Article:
Practicing Proper Pruning

On 20 March, my Master Gardener class was taught proper pruning techniques. Please do forgive me, I forget the names of the arborists who came to demonstrate to us. Ever since this class, I can't help but be disgusted and dismayed at the bad pruning I find everywhere in DC!

We learned how to identify branch collars and branch-bark ridges so we can make the best cut possible. We also practiced the three-part cut; this graphic shows a good, simple procedure. You start with an initial cut far above the branch collar on the bottom of the branch, then make a second cut a little bit further up on the top of the branch. This will break the branch, allowing you to remove most of the weight of the branch you're pruning without damaging the branch collar/branch-bark ridge. The initial cut on the bottom is to prevent the bark from tearing, which could distrupt the branch collar if it tears badly. The branch collar, or branch-bark ridge if the branch is older, is what "heals" the wound of the pruned branch--if it is damaged, the "healing" will take longer, and the tree might die before it's done. The final cut should be done carefully from the top down right next to the branch collar.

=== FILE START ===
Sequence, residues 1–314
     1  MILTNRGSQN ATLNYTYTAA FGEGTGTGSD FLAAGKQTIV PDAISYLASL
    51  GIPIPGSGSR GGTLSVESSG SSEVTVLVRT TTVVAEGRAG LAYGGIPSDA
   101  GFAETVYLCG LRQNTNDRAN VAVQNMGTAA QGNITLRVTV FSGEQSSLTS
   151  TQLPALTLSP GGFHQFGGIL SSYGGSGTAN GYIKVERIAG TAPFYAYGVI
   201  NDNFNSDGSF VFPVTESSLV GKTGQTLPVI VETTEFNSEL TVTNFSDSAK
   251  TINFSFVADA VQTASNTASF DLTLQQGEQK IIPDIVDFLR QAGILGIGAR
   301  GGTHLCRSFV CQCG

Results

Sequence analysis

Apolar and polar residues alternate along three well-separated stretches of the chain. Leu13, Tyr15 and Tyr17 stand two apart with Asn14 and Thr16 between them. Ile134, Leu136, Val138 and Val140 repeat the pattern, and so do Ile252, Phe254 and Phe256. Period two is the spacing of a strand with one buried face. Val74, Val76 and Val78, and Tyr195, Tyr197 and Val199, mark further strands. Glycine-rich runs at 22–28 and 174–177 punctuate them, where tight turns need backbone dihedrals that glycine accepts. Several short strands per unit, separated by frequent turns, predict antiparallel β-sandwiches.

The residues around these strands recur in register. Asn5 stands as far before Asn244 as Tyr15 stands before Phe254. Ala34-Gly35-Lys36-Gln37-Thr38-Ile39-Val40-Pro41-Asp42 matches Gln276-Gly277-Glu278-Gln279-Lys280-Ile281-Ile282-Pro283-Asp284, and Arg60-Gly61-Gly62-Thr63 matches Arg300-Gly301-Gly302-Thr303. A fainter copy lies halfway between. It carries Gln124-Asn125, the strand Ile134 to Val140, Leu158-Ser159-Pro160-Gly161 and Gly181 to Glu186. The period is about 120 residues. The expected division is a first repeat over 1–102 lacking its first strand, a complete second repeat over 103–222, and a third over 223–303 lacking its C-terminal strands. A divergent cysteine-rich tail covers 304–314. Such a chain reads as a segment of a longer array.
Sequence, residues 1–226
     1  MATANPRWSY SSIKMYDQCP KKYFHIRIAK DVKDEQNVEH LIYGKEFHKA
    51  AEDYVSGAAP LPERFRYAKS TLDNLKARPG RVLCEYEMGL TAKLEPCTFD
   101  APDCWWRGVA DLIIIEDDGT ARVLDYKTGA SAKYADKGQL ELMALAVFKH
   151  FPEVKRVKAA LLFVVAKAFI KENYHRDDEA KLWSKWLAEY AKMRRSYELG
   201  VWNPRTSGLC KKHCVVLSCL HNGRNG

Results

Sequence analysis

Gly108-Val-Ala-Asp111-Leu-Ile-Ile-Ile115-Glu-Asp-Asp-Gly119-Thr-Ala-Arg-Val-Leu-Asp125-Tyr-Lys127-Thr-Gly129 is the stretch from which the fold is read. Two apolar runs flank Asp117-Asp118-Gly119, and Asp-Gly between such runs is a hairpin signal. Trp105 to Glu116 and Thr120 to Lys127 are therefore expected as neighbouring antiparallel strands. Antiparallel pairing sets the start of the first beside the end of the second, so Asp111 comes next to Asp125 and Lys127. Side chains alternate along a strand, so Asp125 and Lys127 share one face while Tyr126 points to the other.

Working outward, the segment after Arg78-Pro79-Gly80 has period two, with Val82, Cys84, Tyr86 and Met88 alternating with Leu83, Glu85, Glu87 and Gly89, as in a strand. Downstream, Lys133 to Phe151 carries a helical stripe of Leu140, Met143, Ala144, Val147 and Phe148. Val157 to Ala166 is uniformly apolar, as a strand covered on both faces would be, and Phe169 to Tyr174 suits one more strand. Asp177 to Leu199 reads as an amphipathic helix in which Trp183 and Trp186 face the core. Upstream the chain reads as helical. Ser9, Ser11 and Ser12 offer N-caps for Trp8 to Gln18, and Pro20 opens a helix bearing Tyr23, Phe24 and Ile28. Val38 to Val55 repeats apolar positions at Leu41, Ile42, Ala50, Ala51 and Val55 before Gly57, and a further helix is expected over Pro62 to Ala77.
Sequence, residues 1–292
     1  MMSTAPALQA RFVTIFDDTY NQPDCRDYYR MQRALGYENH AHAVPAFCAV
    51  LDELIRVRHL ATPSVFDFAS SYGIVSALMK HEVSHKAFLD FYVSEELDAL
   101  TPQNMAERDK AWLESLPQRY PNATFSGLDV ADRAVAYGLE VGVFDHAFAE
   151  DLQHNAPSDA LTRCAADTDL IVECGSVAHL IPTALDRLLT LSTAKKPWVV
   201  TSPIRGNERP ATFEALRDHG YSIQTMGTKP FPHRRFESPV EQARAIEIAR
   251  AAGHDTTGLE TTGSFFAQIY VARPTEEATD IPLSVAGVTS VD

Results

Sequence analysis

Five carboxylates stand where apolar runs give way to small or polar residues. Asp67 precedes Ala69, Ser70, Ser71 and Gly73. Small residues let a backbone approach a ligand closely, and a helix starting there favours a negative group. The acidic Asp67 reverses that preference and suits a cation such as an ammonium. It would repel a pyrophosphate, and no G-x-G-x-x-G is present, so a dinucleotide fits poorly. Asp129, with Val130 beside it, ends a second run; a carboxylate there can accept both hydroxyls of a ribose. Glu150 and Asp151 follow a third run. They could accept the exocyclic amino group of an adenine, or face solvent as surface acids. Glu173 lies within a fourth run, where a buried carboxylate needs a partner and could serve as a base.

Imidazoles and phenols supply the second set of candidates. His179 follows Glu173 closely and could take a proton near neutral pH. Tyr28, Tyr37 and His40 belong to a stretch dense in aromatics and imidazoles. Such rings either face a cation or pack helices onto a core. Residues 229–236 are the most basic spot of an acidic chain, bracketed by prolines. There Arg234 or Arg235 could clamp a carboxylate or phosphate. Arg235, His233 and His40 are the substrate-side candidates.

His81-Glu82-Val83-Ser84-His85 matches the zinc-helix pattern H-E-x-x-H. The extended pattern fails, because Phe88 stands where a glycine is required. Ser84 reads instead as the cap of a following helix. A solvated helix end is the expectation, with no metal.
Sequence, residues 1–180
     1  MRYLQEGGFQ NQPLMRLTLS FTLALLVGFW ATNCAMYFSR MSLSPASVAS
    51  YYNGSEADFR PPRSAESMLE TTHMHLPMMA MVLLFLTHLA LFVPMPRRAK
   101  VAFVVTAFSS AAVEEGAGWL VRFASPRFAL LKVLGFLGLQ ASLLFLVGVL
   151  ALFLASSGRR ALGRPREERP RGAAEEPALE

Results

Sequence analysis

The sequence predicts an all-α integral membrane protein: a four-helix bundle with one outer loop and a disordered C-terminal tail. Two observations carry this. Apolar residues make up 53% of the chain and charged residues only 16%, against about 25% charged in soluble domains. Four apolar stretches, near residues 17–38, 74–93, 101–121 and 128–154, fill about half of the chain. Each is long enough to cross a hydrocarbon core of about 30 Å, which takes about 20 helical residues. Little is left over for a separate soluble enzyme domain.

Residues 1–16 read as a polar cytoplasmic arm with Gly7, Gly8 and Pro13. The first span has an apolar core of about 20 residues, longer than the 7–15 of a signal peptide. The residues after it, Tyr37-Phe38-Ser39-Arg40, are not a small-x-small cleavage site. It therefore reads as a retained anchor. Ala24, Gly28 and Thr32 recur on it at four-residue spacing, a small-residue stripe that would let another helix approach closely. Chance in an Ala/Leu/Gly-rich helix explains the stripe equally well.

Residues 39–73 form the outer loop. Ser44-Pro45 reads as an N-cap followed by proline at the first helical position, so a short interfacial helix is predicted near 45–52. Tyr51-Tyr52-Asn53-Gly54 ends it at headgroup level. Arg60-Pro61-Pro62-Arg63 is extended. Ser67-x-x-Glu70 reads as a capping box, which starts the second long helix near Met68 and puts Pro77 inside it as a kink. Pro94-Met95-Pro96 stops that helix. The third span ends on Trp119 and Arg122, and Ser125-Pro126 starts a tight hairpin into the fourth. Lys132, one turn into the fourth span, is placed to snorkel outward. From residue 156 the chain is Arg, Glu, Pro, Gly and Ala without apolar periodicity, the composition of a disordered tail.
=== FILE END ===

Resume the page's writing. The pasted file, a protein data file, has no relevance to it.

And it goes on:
Here's my first bottom cut and my second cut, to remove the bulk of the weight of the branch from a crape myrtle that had been very poorly pruned before. (This piece of wood is after-the-fact--the little nubbin you get when you're done the pruning job. I saved it. Maybe I'll use it to mount an orchid?)

This is what I left behind--a smooth cut (although it's a tiny bit ragged at the very bottom--my broken collarbone made the sawing a little tricky). The black marks are from the blade, not any problem with the tree.

Here's an example of how the pruning on this tree had been done in a previous year. See how it's not "healed"? See how it looks like it's dying? Bad pruning!

The landscapers who "pruned" this previously just topped the crape myrtle--that means they took a big saw and chopped the entire tree down to eye level. You can see that some branch collars are trying to encompass the wounded tissue to prevent possible entrance of infection, but that several-inch-high piece of deadwood will take a very long time to encapsulate. Also, it looks ugly.

The other half of the class pruned magnolias. I nipped two cuttings and have them sitting in a cup of water.

One is the more bushy kind with the darker flowers--they're beautiful on one's windowsill!

This is the second one, the more treelike kind that opens up a bit sooner. I only hope that they'll root and I can have little potted pretties--the Internet and my horticulturalist friend tell me that the best time to snip magnolias for rooting is in the summer, and even then, it's an iffy endeavour. I am ever hopeful!

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One Response to Practicing Proper Pruning

  1. Did they show you how to Myrder the Crepe Myrtle tree yet, LOL?


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